My second hike last Saturday in Shenandoah National Park was a 5.8 mile circuit hike in the Big Run watershed. It could not have been more different than my earlier hike up Turk Mountain the same day. It did not have the dramatic views of the mountaintop vistas, but it did have solitude in a beautiful forest that is rapidly changing to autumn. I hoped to see bear, but was disappointed. In fact, I saw very little wildlife: a downy woodpecker, a warbler of some kind, and two aquatic salamanders, as well as a couple of other animals that I will talk about in later posts.

For most of the hike, I saw only two people - a couple I passed descending towards the stream. I saw a few others on the ridge hike out of the watershed, and then a number of hikers and backpackers on the Appalachian Trail over the last mile. Here is a map of the route, as well as an elevation profile. The first part of the hike is a steady decline into the watershed, the middle third is a moderate climb back out - gaining 600 feet in the first mile after the stream - and the final part is ridge hiking with minor up and downs.Near the start of the hike, there is an overlook on the Skyline Drive where one can see much of the Big Run watershed, where I will be descending into shortly.
This hike goes through lovely forest, and is very tranquil and soothing.
Mother Nature likes to change the carpets and her decorating scheme this time every year:
Big Run may not look like much, but it was tricky to cross without getting my feet wet. Without my hiking stick - and trekking poles would have been better - I think wet boots would have been the result. I ate lunch here, my typical PB&J:
At this point, I've gained 1,000 feet or so from my luncheon spot at Big Run, and started to get some partial views again.
I think this is sassafras, decked out in orange for Halloween.
The last mile or so of the hike is on the Appalachian Trail, as I passed by this dramatic rocky area.
Here is my final vista of the hike, the eastern view from the Doyle River Overlook on the Skyline Drive as the Appalachian Trail passes by. My beautiful hike is nearly over.

Sunday, October 16, 2011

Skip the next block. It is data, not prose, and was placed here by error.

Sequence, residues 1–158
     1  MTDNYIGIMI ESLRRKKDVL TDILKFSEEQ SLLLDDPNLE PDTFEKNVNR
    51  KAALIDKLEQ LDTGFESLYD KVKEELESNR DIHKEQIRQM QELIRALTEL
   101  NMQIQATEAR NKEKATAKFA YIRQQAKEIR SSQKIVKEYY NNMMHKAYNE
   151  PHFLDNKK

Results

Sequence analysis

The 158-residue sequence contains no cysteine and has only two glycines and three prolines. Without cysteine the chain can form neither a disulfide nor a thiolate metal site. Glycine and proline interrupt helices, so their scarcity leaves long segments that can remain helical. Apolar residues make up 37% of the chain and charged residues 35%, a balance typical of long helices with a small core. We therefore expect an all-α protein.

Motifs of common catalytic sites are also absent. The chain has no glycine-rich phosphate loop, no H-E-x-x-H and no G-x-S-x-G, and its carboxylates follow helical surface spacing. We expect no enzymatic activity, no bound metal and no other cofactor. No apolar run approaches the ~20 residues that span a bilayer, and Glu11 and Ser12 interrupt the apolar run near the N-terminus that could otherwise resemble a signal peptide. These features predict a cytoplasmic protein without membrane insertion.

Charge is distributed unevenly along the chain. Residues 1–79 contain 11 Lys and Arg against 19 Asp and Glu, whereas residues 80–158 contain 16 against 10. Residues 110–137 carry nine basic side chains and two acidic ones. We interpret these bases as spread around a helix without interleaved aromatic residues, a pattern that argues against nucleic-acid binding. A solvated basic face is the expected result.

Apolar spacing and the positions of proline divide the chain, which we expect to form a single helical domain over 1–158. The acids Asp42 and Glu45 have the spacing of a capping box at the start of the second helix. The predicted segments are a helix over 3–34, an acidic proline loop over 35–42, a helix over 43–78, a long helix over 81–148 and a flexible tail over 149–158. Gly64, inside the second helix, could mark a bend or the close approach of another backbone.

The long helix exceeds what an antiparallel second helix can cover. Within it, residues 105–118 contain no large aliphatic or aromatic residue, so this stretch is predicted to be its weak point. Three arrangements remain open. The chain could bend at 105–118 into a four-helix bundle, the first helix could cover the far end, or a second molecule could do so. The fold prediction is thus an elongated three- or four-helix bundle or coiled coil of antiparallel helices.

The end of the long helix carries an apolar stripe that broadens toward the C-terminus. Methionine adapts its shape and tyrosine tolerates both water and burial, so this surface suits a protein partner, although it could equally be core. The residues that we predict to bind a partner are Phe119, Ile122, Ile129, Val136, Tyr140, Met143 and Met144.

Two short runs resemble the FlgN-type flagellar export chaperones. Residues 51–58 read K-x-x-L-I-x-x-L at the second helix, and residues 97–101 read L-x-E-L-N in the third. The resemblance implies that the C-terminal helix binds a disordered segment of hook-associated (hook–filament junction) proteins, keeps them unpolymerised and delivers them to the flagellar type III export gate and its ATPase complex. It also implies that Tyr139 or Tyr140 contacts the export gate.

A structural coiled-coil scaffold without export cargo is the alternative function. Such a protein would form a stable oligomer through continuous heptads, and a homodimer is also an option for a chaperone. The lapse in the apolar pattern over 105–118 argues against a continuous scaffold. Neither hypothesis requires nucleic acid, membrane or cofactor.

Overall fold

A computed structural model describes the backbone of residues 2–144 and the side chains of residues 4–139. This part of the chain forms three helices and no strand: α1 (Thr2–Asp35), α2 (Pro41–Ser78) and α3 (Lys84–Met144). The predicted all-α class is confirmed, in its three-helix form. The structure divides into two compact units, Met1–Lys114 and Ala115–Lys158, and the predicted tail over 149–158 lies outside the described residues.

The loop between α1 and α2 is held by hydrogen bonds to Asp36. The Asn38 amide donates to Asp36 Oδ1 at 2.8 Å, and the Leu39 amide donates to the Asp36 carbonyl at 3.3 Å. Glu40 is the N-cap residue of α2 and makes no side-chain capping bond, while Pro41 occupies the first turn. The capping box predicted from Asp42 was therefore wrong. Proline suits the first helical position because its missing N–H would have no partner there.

Hike Up Turk Mountain

Yesterday was going to be a beautiful fall day, and because of some upcoming things, it might be my last chance to get up in the mountains with fall colors, so I decided to go for a couple of hikes by myself. Usually, I prefer hiking with others, but I had to be home by 4 or so to go to a concert (Vishten, beyond fantastic, and if you ever have a chance to see them, run, don't walk. They were amazing!). So I decided to get a very early start, hike at my own pace, and leave the mountains by 2 so as not to be late. I was out of my house by 6:10 and headed towards Shenandoah National Park, buying a new annual pass at the entrance station.

I drove about 10 miles up the Skyline Drive and pulled into the parking lot. I was ready to start up Turk Mountain before 8:30. I chatted with a group of boyscouts and their leaders from Hampton. They had camped out the night before and were going to be out the rest of the weekend. They surely had glorious weather. It was crisp and cool, with a strong wind at times. I put on a second layer, shouldered my pack, and hit the trail for the first of two hikes. This was going to be fairly steep, and mostly a nice hike through the forest and up the mountain. The first little bit was on the Appalachian Trail.

Here is a topo map and elevation profile of my out-and-back route of about 2.3 miles. To see exactly where I was, click here.
I peered into this cave not far from the top, but didn't see anything.
Self portrait:
A large rock fall on the way up looked like a great place for rattlesnakes, but I didn't see any.
Turk Mountain has a small, rocky summit. There is not a lot of room up there to spread out. The view from the top is wonderful at 360 degrees. These next three photos show it to the west over Virginia's Shenandoah Valley panning north to the mountains in the park. I could look almost straight down from the top of Turk Mountain's small summit. You can see that there is still a lot of green. From here, I retraced my steps back to car, meeting only the boy scouts that I saw in the parking lot as they hiked up the mountain for the view.

Monday, October 10, 2011

Dawn over the Atlantic

Last New Year's Eve, I saw a spectacular sunset over Back Bay, and wrote about it here. This morning, I stood on the beach about 20 minutes before sunrise, and snapped photos every few minutes until the sun came up. I will let the pictures, from about 15 minutes before sunrise to about five minutes after sunrise, each be a thousand words, and speak for themselves....

Sunday, October 9, 2011

Back at Back Bay

Just two weeks after the Komen 3-Day for the Cure, and one week after running in the Livestrong Dolphin Challenge 10K at the beach, my plantar fasciitis is feeling a bit worse than it had been. But it is still not as a bad as before, so I decided to go on a hike back at Back Bay National Wildlife Refuge. It was good to be back, for the first time in five months. I hiked about four miles, starting just minutes after dawn. I love being outside in the early morning, and have for a long time. I didn't find any amazing wildlife, other than a huge flock of swallows that flew over me. Here are some photos from my little hike this morning.

This guy and I were the only ones in the parking lot when I got there. He was launching his kayak, and I waited a second to capture him for my blog.
Panoramic marsh view.
Early morning view out across Back Bay and the marshes.
I hiked a long a dike with fresh water along most of the way. I sometimes see wildlife in the water ways, including a river otter once, but not today.
I ended my hike with a quick stop at the beach at the wild Atlantic. The beach is pristine for about nine miles to the south from this point.